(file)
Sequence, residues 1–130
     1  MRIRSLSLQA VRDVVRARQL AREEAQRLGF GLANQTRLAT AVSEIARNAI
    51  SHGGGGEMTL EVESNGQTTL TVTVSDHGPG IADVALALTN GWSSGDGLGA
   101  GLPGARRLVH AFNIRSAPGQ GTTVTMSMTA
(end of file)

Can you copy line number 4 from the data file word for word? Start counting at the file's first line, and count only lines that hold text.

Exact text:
   101  GLPGARRLVH AFNIRSAPGQ GTTVTMSMTA